Is the Bay area rationalist community really all that great as a social group compared to just meeting the smart nice sane people who live in every town?

I'll say the one big advantage here is pre-existing shared context. I can walk into a rationalist or EA party or other space and just already have a ton in common with the other people there. We have natural things to talk about, and there's some useful amount of pre-vetting that happens via a self-selection process that seems to shed many of the "smart nice sane people" would are otherwise fairly incompat... (read more)

Haha, I guess if I liked parties that would be a draw. As it is, I’ve been collecting people like this for years and have a solid friend group who I can have these conversations with regularly. But maybe post-pandemic I’ll take a turn at being a rationalist socialite down in San Fran and see if I like it.
I honestly have no idea what non-college, non-rationalist parties are like, but if I just compare the two, rationalist parties have significantly less drinking, often have more accommodations for people with sensory processing issues, and almost always have waaaay more conversations about AI alignment.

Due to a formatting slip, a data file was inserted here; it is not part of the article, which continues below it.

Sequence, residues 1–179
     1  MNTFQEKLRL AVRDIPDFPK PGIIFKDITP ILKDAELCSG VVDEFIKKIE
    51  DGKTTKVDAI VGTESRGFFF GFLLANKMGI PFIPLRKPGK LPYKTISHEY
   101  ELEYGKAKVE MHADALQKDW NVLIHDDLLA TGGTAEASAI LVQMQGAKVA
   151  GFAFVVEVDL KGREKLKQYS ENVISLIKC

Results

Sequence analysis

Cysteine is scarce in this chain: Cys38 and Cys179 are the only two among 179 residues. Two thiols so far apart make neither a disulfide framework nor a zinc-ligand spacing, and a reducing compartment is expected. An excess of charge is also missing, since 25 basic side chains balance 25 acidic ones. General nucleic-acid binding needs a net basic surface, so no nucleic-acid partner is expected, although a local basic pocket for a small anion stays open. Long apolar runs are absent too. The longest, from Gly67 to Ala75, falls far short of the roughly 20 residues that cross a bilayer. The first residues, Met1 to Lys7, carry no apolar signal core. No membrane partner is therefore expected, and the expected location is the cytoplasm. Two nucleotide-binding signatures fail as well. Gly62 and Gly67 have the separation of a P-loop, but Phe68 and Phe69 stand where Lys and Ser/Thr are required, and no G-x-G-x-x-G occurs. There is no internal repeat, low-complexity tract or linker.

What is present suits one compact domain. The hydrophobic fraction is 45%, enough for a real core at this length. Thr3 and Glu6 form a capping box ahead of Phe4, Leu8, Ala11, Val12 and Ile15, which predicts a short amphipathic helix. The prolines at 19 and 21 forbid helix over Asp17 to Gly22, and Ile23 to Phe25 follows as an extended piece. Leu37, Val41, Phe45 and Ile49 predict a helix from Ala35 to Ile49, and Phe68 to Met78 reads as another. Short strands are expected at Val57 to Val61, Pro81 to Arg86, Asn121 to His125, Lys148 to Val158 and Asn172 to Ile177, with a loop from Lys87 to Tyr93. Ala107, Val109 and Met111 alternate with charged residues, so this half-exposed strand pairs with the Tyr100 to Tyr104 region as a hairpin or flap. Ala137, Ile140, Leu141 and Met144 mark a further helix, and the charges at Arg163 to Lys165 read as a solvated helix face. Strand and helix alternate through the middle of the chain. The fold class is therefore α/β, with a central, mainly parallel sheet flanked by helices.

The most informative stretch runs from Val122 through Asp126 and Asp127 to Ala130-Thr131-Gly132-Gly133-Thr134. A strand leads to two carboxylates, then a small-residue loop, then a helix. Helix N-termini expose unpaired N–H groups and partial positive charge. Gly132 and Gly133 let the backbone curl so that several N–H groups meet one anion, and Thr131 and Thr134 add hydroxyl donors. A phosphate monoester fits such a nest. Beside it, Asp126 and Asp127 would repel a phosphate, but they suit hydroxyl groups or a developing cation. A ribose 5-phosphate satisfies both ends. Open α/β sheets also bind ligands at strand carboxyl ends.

Kerry McKean


I think many hubs is probably the right answer, but it depends on the goal.

If the goal is to feed people into MIRI, or generally advance some single community organization as far and as quickly as possible, then the benefits of centralization are well known and hard to overstate.  Similarly, if the goal is to have a social environment for rationalists, where one's friendships and broader social circles mostly involve other rationalists, then one hub is also clearly the best goal.

However, if the goal is to spread awareness of rationality, raise the sanity waterline generally, grow the movement, or find new ideas and fruitful applications, then many smaller hubs are a vastly better option.  All of these things are encouraged by putting rationalists in differing environments, where they contact a wider variety of people, ideas, and problems.

It seems to me that the stated goals of the community are the latter, and so the "right" answer is obvious.  We should be encouraging people to find and befriend like-minded people in their local area, and introduce the ideas to their potential rationalists.  Have many friends, rationalist and not.  Figure out how to talk about rationality's greatest insights quickly and concisely, so you can give people that ah-ha moment and get them hooked.  Etc.

To be clear, Berkeley people have a community too, and I don't think we should tell them they have an obligation to move out and evangelize, like early Christian apostles.  But I think we should stop encouraging people to move there and if someone is fed up and wants to leave the Bay, they should be bid a happy farewell.